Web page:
Steps before All-out War

Palestinian missile, mortar, rocket and shooting attacks on Israeli targets on both sides of the Gaza Strip border went into their third day Friday, May 20, placing the already leaky partial truce in terminal jeopardy. Instead of dying down, the violence is building up as the August date nears for Israel’s pullout from the Gaza Strip and the northern West Bank. It brings to mind the solemn pledge offered by prime minister Ariel Sharon that the withdrawal would not take place under fire. If the violence persists therefore it will bankrupt the political and security concepts actuating the unilateral withdrawal.
Neither Sharon nor defense minister Shaul Mofaz appears to know how to proceed in the light of this turn of events.
Palestinian security forces are sitting on their hands. Their police officers watch the violations from afar, ignoring complaints by Israeli officers on the spot. No dialogue with the Palestinians is possible. Ramallah has emptied out. Palestinian Authority chairman Mahmoud Abbas has made himself scarce junketing in the Far East and making sure the Israeli prime minister’s office cannot reach him. Furthermore, he has taken with him his entire team of close aides. Not a single competent official was left in Ramallah for contingencies.
When Sharon’s adviser Dov Weisglass demanded a meeting with a competent Palestinian official to complain about the truce violations, no one was willing to meet him but Said Erekat, whose relevance is nil since the death of Yasser Arafat. Mohammed Dahlan, civic affairs minister and Jibril Rajoub, national security adviser, decided to be unavailable so as not to reveal how little standing they and their boss, Abu Mazen, have with the Gaza Strip’s gunmen.
To avoid what the US state department spokesman this week called “escalatory action,” Sharon declares Israel will not stand for any more attacks. But in the same breath, he and his spokesmen insist the IDF will continue to uphold the tattered ceasefire. That is why Israel’s single significant military action in the current crisis failed to deter further Palestinian attacks.
Early Wednesday, May 18, a Hamas operative taking part in the string of shooting and rocket attacks on Israeli positions on the Philadelphi border, was killed when some explosive device detonated in his hands. The Palestinians responded with a heavy mortar and missile barrage across the Gaza Strip. They explained it was necessary to avenge the Hamas operative’s death by striking Israeli targets regardless of who was responsible. In other words, Israel is held guilty for any Palestinian death – even if self-inflicted in the course of a truce violation. Fighting back would count as an Israel violation of the ceasefire. This logic is familiar from classical anti-Semitic scapegoat ideology. The Palestinian version attaches blanket guilt to the Jewish state per se.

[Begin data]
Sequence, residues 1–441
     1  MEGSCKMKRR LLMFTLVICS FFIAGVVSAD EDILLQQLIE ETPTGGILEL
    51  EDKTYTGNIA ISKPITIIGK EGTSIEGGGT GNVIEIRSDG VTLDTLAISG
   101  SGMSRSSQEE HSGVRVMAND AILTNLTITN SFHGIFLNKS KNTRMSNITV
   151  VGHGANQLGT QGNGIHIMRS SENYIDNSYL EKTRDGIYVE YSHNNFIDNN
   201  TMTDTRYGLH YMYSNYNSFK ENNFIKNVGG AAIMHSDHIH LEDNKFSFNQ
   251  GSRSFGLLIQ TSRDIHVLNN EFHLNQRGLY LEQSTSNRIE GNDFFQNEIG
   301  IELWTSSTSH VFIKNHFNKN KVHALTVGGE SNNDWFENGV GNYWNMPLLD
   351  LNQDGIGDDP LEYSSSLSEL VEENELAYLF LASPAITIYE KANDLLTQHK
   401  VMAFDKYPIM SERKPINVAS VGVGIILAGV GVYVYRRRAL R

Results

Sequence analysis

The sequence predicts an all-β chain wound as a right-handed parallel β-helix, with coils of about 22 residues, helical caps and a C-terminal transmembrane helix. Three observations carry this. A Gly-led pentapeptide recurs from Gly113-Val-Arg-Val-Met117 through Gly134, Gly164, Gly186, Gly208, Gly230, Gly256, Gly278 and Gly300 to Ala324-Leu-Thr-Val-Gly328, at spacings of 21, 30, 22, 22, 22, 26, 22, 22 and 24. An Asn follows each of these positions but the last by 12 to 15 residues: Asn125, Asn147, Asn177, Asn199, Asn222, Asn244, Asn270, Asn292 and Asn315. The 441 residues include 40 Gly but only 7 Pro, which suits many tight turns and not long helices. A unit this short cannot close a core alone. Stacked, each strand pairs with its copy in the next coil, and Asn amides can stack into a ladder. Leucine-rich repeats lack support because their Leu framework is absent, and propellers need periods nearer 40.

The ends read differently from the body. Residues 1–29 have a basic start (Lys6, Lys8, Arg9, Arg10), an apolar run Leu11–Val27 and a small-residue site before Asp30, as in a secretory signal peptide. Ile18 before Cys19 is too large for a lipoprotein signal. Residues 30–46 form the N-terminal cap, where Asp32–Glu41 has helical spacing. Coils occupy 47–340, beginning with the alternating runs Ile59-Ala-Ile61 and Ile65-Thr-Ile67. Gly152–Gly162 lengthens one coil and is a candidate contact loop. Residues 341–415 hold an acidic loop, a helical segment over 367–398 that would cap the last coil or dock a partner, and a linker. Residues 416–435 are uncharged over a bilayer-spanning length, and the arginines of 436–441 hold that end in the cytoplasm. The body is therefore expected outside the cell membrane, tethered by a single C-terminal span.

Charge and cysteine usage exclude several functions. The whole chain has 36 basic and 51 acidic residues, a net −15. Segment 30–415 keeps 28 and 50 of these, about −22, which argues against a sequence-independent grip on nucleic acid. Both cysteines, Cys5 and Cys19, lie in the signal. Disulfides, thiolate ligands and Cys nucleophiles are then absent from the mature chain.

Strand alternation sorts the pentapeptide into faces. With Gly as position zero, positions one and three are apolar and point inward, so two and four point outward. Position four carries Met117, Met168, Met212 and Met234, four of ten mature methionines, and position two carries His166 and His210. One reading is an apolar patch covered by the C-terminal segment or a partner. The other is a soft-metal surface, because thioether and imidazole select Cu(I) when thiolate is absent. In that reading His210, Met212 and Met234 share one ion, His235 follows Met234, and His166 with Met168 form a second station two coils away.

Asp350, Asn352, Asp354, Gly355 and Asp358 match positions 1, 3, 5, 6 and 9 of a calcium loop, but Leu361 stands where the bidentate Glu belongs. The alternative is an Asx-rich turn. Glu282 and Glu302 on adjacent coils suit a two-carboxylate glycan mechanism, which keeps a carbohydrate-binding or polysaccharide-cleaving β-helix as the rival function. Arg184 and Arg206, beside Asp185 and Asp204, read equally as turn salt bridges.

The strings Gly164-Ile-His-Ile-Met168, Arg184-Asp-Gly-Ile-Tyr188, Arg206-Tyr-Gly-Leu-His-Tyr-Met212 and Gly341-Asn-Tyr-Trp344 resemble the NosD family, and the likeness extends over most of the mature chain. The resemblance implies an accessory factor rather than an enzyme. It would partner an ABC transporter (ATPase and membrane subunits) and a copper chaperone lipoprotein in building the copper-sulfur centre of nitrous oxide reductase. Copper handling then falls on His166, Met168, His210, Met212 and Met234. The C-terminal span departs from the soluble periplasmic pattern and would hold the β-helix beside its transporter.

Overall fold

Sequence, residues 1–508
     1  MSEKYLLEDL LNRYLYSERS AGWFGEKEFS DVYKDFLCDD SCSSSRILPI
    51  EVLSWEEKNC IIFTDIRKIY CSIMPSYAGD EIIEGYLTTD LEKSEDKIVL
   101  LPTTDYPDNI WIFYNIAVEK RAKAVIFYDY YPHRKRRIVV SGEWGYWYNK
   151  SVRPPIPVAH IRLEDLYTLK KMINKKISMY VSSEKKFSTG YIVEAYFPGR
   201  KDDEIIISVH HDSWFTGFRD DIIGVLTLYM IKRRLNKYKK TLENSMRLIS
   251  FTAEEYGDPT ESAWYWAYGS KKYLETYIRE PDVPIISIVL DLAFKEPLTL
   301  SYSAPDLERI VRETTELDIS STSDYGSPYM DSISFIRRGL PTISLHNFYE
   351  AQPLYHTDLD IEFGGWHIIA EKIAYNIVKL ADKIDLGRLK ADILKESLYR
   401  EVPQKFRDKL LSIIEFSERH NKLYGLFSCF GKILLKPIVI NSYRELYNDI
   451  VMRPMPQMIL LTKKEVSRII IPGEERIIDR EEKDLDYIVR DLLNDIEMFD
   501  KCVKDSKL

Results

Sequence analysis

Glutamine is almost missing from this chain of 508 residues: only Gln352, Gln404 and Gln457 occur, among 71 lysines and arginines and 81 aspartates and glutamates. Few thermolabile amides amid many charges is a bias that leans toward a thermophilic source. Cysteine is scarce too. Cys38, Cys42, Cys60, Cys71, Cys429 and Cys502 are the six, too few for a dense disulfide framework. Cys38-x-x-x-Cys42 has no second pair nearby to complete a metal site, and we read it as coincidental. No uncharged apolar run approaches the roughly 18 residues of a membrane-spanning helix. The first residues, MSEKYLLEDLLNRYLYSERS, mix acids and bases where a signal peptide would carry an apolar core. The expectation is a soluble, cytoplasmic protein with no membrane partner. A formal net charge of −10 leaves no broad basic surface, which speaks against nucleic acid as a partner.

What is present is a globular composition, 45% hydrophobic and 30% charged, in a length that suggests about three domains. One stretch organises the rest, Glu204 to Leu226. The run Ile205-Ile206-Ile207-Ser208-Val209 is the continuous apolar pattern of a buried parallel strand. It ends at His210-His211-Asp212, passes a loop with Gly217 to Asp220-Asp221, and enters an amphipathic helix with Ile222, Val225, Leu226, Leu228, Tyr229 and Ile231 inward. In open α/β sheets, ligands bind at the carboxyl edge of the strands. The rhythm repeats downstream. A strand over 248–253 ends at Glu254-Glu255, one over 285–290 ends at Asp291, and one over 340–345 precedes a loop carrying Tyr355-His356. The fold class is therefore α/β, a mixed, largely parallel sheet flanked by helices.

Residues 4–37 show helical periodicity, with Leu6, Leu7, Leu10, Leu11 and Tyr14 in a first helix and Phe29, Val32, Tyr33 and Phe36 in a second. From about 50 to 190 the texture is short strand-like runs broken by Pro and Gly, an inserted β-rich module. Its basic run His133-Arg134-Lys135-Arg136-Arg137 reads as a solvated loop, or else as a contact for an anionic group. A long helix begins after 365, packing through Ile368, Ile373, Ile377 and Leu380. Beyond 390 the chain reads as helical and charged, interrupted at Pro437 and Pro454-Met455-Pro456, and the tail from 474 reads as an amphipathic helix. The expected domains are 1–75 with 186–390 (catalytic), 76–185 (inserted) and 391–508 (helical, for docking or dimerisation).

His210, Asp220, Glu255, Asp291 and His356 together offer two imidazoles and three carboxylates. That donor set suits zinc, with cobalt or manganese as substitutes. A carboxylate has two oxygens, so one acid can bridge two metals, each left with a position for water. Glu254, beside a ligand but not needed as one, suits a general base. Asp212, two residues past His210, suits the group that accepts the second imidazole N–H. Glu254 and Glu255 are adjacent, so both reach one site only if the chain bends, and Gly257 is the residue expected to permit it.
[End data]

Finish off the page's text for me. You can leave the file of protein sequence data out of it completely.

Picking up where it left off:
Later that day, as the shooting escalated, Israel finally reacted with its first aerial strike in many months. An IDF drone pinpointed a Hamas crew preparing to launch a Qassam missile against Neve Dekalim from the Khan Younes cemetery in the southern Gaza Strip. The drone operator asked for permission to activate the drone and foil the launch. To his surprise, he received an okay. He immediately pushed the button and blew up the launcher, the missile and the firing mechanism. One Palestinian crewman was critically injured.
debkafile‘s military sources note that in this single counter-attack, Israel revealed for the first time an unmanned aerial drone equipped not just for surveillance but as a precision weapon capable of knocking out stationary and moving targets with minimal collateral damage. Similar armed drones, Predators, are known to have been fired three times before by the Americans in Afghanistan, Yemen and, on May 8, to kill the wanted al Qaeda operative Haitham al-Yemeni in near the North Waziristan town of Mir Ali.